like a bio-bomb. This is a great risk and so a substantial argument. To counter that it shouldn’t be publiced or be censored, but isn’t that against scientific publication rights? Or are these rights irrelevant, next to the catastropic consequences? It could be that it is better to do publice this kind of data, despite the publication rights. The reason is that people can start doing research for a possible vaccine, to prevail these consequences. A race between scientists and terrorists who is faster. Prevailing seems to be the best option. The damage is done, the terrorists are aware and probably have their own microbiologists in service to make their little mass destruction weapon. Its better to stop hesitating and start thinking about your vaccin. They’ll find out anyway.


By Jeroen Heessels There has been a lot of speculation about whether it’s a good decision to change the minimum drinking age to eighteen. Despite all opposition, the government has recently decided to enforce the law. “Most teenagers drink to relax, but this can very easily get out of hand”, Meaza Jabore, minister of health, welfare and sports explained. “The new law will hopefully change this.” Medical specialist Melissa agrees. “There are a lot of things influencing the effect alcohol has on teenagers; sex, bodyweight, mood, age, the amount you’ve eaten beforehand etcetera. When it comes to alcohol; the older, the better.” This may sound logical, but other parties strongly disagree. “When you are given responsibility, you become more responsible.” Thijs van Uden protested. “Lowering

the legal age for alcohol will only slow down teenagers who are growing up.” However, having been a heavy drinker for years, Van Uden can see reason in the new law. “When I was sixteen, I partied almost every night. I even poisoned myself once by drinking too much. Maybe this law will change things for good.” When we asked him where his drinking problems began, Melanie Maas, Psychologist, shed some light on the matter. “Usually young people, even children, will start drinking out of curiosity. Or just to ‘be cool’. These things might lead to troubles with the kids’ school of at home. The new law will surely tackle these problems.” Predictions cannot yet be done, but soon we will all know how the changes effect the youth. Due this winter the new laws be enforced.

“When you are given responsibility, you become more responsible.”

Music can’t be taught

Musicians are everywhere. When you enter a bus, you might sit next to one. The blue-eyed lady asking you to follow her to your table in a restaurant, could be a talented pianist. After paying a visit to your grandma in her elder house, a guitarist behind a desk might greet you on your way out. Music is spread out over the whole society and yet it is so easily looked over. My question is, can all these ‘musicians’ actually play music? Do the they just know how to play music, or do they understand it? Can music be taught? Firstly I must explain how I fit in this story. You see, I’m a eighteen year old student. Born and raised in Holland. And for quite some time now I’ve been playing various instruments and genres, just so I could try and understand music. I am self-taught, which made me very insightful (read: stubborn) and passionate. So some time ago, I visited a local school for music. For me it was a little slice of Heaven; everybody was enthusiastic and I could relate to them all! I couldn’t wait to start my study there! But when I saw the subjects I was ought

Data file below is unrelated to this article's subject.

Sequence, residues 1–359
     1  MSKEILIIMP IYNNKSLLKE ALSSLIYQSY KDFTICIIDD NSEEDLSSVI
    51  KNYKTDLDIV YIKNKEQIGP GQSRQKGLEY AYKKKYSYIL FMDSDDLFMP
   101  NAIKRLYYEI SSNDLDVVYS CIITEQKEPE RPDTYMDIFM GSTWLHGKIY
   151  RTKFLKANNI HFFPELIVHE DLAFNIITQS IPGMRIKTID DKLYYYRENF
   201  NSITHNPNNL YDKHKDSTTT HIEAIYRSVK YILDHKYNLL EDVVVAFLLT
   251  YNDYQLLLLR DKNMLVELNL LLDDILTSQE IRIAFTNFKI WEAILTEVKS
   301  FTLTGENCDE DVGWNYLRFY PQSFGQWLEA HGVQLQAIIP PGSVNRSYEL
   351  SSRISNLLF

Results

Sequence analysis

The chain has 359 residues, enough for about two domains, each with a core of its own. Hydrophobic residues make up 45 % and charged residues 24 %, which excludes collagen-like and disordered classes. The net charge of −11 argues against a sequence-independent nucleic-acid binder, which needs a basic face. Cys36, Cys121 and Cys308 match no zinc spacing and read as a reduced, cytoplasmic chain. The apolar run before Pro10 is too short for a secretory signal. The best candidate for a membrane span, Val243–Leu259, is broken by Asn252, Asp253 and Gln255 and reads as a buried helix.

Column written by Jeroen Heessels

to take next year, everything changed. “Note placement” for example, what the hell is that? Are they going to tell me where I should put which notes in MY music?! Then it isn’t my music anymore, is it? Well, this is where the stubborn part kicks in. The part where I realised that music is such a personal thing to have and an even more personal thing to question, that I started to doubt it’s education. So can it be taught? The answer is no. And I’ll explain why. Music for me is about sharing your feelings through an instrument. Playing these instruments you can learn from others. But to be a true musician you must not only master your instrument. You must also master your own emotions. To be a true musician is to feel. Not to know. That’s why music can’t be taught. Jeroen Heessels


For those on the ground, visibility was down to 300m, or around 1,000 ft.But anyone fortunate to be high up got an unforgettable view of Dubai in the fog. Luckily, there are lots of viewpoints in the desert kingdom, dominated by the 830m (2,700ft) Burj Khalifa - world’s tallest building. The phenomenon is down to a seasonal mix of plunging temperatures and rising humidity. Only when the Sun rises to burn away the mist each day does the desert appear clearly again. Everyone should have seen this once. And I, with my age of 19, have been allowed to see it. It’s beautiful, stunning, gorgeous; there are no words to describe the

Column written by Tim Buiting

beautiful view you see from the highest buildings of the city. Would you imagine how it looks like when whole Amsterdam is in the mist? We would all think that we’re ended up in the land of Tita Tovenaar and became angels from above. How funny would that be! However, this beautiful photo was shot by a German photographer Thom Rusingh. The 32-year-old man took the elevator to the top floor, walked through the outer and thought for a second he was in heaven. After he ‘revived’, he grapped his camera and shot this dream that (for him) came true. He might be a magician?